Outsourcing to the Machine: Leveraging Revit, Reducing Your Workload and Getting Back to Enjoying
In a career working at firms large and small I have encountered Architects who enjoy a variety of experiences related to the profession. Some enjoy design, while others get engrossed in construction details, but I have yet to encounter an architect whose passion is window schedules. In today’s profession there is always the option to outsource these less desirable tasks. Despite the up-front appeal of this, what you get back may not be ideal. I’ve seen this first-hand, with results ranging from tolerable to unusable. So what is the solution? Outsource to your machine.
Revit is that elusive Architect who seeks out every opportunity to take on monotonous tasks. Not only that, it can do them exactly the way you want, because you are pulling the strings, leveraging the software’s capacity for organizing data and documentation while using your professional expertise to do so.
If you are a Principal at a 600 person firm, you probably are never going to touch Revit. But if you are working at a 3 person firm and your two employees are already working 60 hour weeks, there are significant and immediate benefits to going from a 2D line based workflow to a 3D BIM workflow. It is as simple as a reduction of time, and I’ll illustrate three quick ways to use for it an immediate impact:
1. Get everyone working in the same file - Using a Revit central model is simple to set up and ensures everyone is seeing updates in real time. I would suggest utilizing the Workshare Monitor that is automatically installed with Revit 2018 so you can see when certain people might be syncing or are in the model. In future posts I will go more into best practices as well as low cost solutions to allow people working offsite to work in the central model. The first and most important thing is getting all team members to consistently re-sync every 15 minutes. If the team can get in the habit of pressing that one button every 15 minutes, it will save hours of headaches and overhead later on.
2. Revise it once to Revise it Everywhere – Revit’s name is a contraction of the phrase “Revise It”. Often what happens in 2D Cad software is that you redraw a section in one place, and then you need to redraw another to match, then a plan and several elevations and you are suddenly bouncing between numerous files, slowly witling down the inconsistencies. With Revit you can be sure that if you draw it in one place, it is going to show up accurately in another. Sure, you still need to clean up the graphics for your drawings, but the underlay is always accurate because it’s the same element whether you are looking at it in plan, section or elevation. In future posts I will explain how to use Revit for deeper model coordination both within the design team and with consultants. A quick way you can start leveraging Revit for this type of coordination is with stairs. For each stair in the project set up a 3D view using the section box tool. Label these views under a new view type titled “Coordination” so they are easy to find. Now whenever you are in a plan, section or other drawing and can’t quite understand what is going on with the stairs, you can split screen between these 2D views and the 3D section box to try and figure out exactly what the problem is.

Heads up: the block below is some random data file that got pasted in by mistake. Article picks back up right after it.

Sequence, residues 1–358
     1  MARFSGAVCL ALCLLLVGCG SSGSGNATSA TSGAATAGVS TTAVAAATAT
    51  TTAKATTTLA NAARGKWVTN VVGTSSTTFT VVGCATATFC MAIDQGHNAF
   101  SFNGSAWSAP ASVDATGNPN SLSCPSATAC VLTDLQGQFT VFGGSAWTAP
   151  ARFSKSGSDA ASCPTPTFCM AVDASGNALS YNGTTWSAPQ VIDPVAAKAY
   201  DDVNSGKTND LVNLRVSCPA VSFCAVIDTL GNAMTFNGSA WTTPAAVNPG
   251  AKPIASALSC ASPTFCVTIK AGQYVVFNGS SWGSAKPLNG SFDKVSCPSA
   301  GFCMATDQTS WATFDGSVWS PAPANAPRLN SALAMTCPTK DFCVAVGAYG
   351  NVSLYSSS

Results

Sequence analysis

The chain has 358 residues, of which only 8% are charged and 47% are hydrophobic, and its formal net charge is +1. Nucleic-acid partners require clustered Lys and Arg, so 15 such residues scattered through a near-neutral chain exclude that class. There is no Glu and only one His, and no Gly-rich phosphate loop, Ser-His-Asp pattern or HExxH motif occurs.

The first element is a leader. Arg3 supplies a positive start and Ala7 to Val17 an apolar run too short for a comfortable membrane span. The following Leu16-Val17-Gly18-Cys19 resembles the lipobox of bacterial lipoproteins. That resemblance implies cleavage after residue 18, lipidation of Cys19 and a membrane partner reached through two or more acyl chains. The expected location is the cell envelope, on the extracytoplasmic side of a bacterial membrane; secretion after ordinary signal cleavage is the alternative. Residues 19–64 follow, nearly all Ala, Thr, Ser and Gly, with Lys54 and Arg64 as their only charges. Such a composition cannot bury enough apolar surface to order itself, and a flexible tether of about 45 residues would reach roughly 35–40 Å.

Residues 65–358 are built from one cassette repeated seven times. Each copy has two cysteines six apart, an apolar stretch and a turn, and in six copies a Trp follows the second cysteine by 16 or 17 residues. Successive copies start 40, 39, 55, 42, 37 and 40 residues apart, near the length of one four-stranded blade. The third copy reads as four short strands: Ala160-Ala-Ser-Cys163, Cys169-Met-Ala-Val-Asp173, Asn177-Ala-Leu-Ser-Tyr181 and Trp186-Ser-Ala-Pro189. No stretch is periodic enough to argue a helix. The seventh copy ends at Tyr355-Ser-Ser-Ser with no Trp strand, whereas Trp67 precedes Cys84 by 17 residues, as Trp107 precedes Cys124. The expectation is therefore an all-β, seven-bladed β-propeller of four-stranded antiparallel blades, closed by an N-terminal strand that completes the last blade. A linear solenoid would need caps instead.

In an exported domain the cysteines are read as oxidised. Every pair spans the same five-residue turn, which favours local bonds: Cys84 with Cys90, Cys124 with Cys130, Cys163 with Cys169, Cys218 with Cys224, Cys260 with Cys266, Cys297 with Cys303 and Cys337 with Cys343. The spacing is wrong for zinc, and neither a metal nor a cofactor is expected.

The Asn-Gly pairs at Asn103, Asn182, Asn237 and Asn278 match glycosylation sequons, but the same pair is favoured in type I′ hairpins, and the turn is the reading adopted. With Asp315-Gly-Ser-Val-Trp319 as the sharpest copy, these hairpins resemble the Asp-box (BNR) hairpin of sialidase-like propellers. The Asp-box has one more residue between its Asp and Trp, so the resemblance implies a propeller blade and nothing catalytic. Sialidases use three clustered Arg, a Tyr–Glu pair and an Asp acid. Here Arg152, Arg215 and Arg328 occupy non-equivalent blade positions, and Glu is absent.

3. Data Rich Models –BIM stands for Building Information Modeling. People (and firms) often make the mistake that it is simply about 3D Modeling and forget the Information part. Future posts will get into all kinds of creative ways to leverage this element of BIM. A great place to start is building wall types that accurately reflect their real-world construction. Editing walls is easy and if you get into the habit of it early on, it will ensure that your walls not only are embedded with a ton of information you can use for scheduling and detailing, it also means you will be modeling correctly from the start and won’t have to move all the walls 3/8” later because you didn’t give a 1” thickness to your 5/8” drywall.
BIM is intimidating at first. It is hard to go from decades in the comfort of 2D Autocad, where everything is a known commodity, to a whole new environment with a whole new set of rules. Yet if one is willing to take the leap, both in terms of growing pains and initial investment, the result is a new lease on your practice. Rather than spending countless hours drawing line after line in AutoCAD, you can focus on what’s really important to you, whether it’s design or in the details.